nytraveler is offline  
Feb 17th, 2013, 12:18 PM
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"...proof of where you are staying, that you have a return or onward ticket, proof of financial resources and proof of health insurance..."

Never been asked for any of these.
MmePerdu is online now  
Feb 17th, 2013, 05:33 PM
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The last time I was asked for that information I was 20.

More mature travelers are typically not asked for any of them.

Young travelers - who are the most likely to stay on illegally - esp if they appear not well off - are often asked these questions. And someone who has already proven they are willing to flaut the immigration laws is much more likely to be questioned closely before being admitted.
nytraveler is offline  
Feb 17th, 2013, 06:30 PM
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Mme: "Never been asked for any of these."

That may very well be - but MANY (and not just young 'vagabonds') are asked those questions and more.

And have you honestly never been asked for your UK address? I am asked that probably half of my visits (one to three times a year for the last 20+ years)
janisj is online now  
Feb 17th, 2013, 10:22 PM
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Janisj, yes, asked but never asked to PROVE my UK address. That was the statement. In any case, we write it on the form, don't we?

My tale of youthful indescretion in the UK goes something like this. Eons ago, when I was young and broke and had been in Europe for 6 or 7 months I received a telegram in Mallorca from my grandmother who was in London and asked me to join her. I managed to get the funds together for a ticket and off I flew with about a pound in my pocket. When I arrived I was asked how much money I had with me and, silly me, I told the truth. Despite the telegram and her being registered at a very nice hotel, since she'd run off to Stratford and they couldn't verify with her, I was put under "supervision" at LHR and not allowed to leave. A friend's businessman boyfriend came next day to bail me out just as my grandmother returned to town and all ended well. My point, it was a real shock to be required to follow the rules and ignorance of them was no excuse. And things have gotten worse for rule breakers since then, I believe, so best to pay attention.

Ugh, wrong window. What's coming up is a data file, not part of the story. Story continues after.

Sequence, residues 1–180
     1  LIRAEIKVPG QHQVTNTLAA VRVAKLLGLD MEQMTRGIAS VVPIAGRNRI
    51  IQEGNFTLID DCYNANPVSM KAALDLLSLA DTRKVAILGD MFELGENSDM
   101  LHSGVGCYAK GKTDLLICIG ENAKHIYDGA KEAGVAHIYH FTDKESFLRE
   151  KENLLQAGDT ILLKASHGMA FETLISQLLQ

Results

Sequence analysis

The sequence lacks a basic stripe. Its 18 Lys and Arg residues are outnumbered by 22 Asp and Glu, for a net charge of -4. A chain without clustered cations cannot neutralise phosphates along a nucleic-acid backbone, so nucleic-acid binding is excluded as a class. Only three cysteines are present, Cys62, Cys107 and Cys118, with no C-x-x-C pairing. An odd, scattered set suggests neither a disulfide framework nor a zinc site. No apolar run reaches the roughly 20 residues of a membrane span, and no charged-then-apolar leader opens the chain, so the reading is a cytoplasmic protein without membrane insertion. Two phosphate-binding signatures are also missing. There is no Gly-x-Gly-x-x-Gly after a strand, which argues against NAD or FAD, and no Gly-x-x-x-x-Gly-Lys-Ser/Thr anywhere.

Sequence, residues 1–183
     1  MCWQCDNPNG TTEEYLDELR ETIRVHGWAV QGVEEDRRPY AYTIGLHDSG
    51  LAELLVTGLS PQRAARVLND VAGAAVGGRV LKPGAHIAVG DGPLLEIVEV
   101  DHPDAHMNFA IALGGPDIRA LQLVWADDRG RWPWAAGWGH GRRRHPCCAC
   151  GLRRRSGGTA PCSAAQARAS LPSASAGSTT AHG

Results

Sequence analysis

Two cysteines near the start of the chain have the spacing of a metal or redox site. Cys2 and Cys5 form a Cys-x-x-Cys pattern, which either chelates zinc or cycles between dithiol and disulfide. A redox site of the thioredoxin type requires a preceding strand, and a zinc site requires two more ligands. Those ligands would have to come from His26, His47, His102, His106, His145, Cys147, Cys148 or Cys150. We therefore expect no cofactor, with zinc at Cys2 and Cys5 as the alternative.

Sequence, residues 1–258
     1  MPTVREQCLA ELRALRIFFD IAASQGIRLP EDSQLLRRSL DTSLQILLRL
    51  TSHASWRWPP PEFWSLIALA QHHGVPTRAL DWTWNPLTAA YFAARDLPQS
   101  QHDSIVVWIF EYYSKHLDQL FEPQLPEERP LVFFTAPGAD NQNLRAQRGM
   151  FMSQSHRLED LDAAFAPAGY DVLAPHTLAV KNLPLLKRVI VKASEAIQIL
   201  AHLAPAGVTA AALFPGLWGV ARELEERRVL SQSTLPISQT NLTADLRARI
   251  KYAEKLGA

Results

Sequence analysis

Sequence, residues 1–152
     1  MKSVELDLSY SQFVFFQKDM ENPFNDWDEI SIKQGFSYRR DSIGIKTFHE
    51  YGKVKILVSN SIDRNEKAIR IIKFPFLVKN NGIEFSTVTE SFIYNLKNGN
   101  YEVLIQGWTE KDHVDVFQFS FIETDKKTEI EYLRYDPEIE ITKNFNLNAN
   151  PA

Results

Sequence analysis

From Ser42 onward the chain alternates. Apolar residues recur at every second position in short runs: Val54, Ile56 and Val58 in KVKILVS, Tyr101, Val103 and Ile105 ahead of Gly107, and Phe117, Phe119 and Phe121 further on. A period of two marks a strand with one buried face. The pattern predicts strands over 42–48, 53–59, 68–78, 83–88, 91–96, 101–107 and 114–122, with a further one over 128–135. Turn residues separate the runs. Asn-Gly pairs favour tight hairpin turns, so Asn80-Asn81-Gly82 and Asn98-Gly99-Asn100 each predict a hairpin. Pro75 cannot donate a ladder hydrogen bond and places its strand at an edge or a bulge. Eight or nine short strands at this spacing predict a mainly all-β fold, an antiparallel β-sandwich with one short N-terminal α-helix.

MmePerdu is online now  
Feb 17th, 2013, 11:39 PM
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nytraveler wrote: >>> and proof of health insurance (they do NOT want to pay for you on their National Health dime).<<<

There is no mention of travel insurance as a requirement to enter the UK on the UK Border Agency website.

>> More mature travelers are typically not asked for any of them.<< How do you know this, do you work for the UK Border agency?
Odin is offline  
Feb 18th, 2013, 12:24 AM
Join Date: Apr 2003
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There is no simple set of rules foreigners can refer to that will determine their treatment by UK immigration officials.

ANY foreigner (except citizens of most EU countries) is admitted, with or without a visa, and whether or not his nationality and status requires a visa, if and only if the immigration officer is satisfied about a number of things, including:
- the prospective visitor's ability to sustain himself
- the likelihood the visitor will leave on or before the date for which permission is given
- whether the visitor will become a drain on public funds
- whether the visitor will honour the terms on which entry permission is granted (which almost always include not working and not starting a course of study)

The poster's passport clearly shows the poster cannot be trusted to obey the terms of his entry permission. The near-certainty is that he will at the very least be interrogated for a lengthy time if the agent checks the passport, and that entry might be refused: it's quite possible, depending on current industry knowledge, the carrier won't even accept him in the first place when he checks in on a plane or train.

Other foreigners' experience is totally irrelevant. Unless the poster changes his passport, he'll show a document that will set off alarm signals, should the border agent (or check in clerk) check it properly.

It's impossible to forecast how rigorous passport inspection will be, and worse than unhelpful to pretend the poster's experience will in any way resemble other people's.

There's a significant likelihood the poster won't be admitted. No-one here can quantify that risk: the poster has to ask, like all punks, whether he feels lucky.
flanneruk is offline